“Pufendorf’s overriding concern was to harmonize the insights of early Enlightenment political thinking with Christian theology. Pufendorf’s primary contribution was his emphasis on the “sociality” of humankind as the foundation of the natural law. Sociability, however, is threatened by the fallen character of the human condition. Hence God, the divine lawgiver, established laws to order human social life. As Pufendorf writes, “Just as the life of men would without society be similar to the life of the beasts, so the law of nature is chiefly based on the principle that social life is to be preserved among men.” Religion and Liberty, Acton Institute (January and February 2002 Issue), Vol. 12 No. 1.
De Officio Hominis et Civis Juxta Legem Naturalem Libri Duo. Translation of the Dedication and Preface by Herbert F. Wright, translation of the text by Frank Gardner Moore (1927), based on the 1682 edition. Footnotes have been omitted in this version, and spelling has been modernized. Books 1-2, 116 pages, 35 chapters, with chapter bookmarks. Available in .pdf file format for reading on your PC, e-reader, tablet or smart phone. This is a fully digital edition of this work – it is not a hard copy publication or facsimile edition. This electronic edition © Copyright 2003, 2005 Lonang Institute. Click here to view this book in its entirety.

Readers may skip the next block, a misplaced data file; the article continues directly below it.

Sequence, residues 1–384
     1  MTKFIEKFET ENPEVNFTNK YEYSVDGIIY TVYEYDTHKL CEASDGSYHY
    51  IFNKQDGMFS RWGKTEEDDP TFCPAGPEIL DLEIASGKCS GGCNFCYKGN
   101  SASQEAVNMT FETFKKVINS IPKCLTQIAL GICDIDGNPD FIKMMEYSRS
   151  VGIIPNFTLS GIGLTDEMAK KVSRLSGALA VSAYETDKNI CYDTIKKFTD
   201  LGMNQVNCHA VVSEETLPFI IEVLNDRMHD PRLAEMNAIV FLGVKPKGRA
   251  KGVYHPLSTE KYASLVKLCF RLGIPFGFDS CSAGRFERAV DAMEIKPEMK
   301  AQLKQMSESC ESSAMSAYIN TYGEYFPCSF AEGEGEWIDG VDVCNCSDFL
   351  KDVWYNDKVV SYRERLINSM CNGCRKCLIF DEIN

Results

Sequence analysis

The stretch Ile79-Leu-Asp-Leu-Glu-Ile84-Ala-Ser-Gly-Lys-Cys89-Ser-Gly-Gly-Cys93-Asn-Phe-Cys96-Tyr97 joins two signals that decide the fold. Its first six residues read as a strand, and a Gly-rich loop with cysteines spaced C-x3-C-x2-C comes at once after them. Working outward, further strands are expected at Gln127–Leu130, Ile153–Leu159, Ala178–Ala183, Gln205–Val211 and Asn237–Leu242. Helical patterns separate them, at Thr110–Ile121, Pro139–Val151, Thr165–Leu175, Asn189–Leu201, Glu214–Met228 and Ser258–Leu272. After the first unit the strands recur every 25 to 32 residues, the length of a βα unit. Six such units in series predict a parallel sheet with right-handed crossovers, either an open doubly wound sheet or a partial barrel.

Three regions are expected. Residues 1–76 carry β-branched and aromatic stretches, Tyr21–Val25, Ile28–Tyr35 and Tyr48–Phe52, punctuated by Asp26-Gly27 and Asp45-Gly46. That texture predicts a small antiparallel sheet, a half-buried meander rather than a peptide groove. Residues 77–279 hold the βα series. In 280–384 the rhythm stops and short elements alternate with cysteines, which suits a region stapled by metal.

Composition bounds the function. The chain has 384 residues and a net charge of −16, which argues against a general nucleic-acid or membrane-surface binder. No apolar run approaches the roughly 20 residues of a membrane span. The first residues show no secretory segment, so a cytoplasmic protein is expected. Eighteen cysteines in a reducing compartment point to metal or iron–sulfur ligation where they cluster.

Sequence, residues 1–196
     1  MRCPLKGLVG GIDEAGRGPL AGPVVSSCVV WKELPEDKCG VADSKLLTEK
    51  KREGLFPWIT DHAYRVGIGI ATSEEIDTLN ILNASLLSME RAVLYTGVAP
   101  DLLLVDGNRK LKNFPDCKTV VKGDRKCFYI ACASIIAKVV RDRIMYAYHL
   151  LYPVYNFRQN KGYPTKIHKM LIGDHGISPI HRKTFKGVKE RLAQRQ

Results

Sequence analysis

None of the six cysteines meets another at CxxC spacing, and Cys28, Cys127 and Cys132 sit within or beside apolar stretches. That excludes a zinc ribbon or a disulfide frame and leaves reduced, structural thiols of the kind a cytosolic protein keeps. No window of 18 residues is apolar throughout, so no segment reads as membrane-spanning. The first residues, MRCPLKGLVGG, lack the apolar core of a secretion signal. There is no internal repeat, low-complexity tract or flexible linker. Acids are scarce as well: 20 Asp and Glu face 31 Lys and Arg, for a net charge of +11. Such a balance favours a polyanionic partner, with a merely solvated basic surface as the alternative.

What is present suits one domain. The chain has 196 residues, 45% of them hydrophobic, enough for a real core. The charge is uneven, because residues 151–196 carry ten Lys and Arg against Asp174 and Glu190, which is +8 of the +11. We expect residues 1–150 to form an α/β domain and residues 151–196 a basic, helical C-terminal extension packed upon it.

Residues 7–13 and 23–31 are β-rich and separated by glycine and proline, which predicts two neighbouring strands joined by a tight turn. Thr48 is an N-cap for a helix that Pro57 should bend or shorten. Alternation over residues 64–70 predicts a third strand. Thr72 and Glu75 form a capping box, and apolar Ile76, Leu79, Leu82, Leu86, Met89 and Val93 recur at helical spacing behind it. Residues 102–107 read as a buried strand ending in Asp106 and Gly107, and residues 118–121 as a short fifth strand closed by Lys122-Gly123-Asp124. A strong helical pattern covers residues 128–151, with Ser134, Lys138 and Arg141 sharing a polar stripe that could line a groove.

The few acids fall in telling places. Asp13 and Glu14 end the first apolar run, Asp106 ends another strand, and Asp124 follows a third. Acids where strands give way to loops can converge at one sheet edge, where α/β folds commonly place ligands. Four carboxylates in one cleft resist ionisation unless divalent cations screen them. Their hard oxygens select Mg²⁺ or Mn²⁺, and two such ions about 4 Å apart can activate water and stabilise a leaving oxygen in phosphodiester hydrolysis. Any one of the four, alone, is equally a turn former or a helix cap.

“What is the character of the natural law, what its necessity, and of what precepts it consists in the present state of mankind, are most clearly seen, after one has thoroughly examined the nature and disposition of man. For, just as for an accurate knowledge of civil laws, it is very important to have a clear understanding of the condition of the state, and of the habits and interests of its citizens, so if we have examined the common disposition of men and their condition, it will be readily apparent upon what laws their welfare depends.” S. von Pufendorf, from On The Duty of Man and Citizen According to the Natural Law.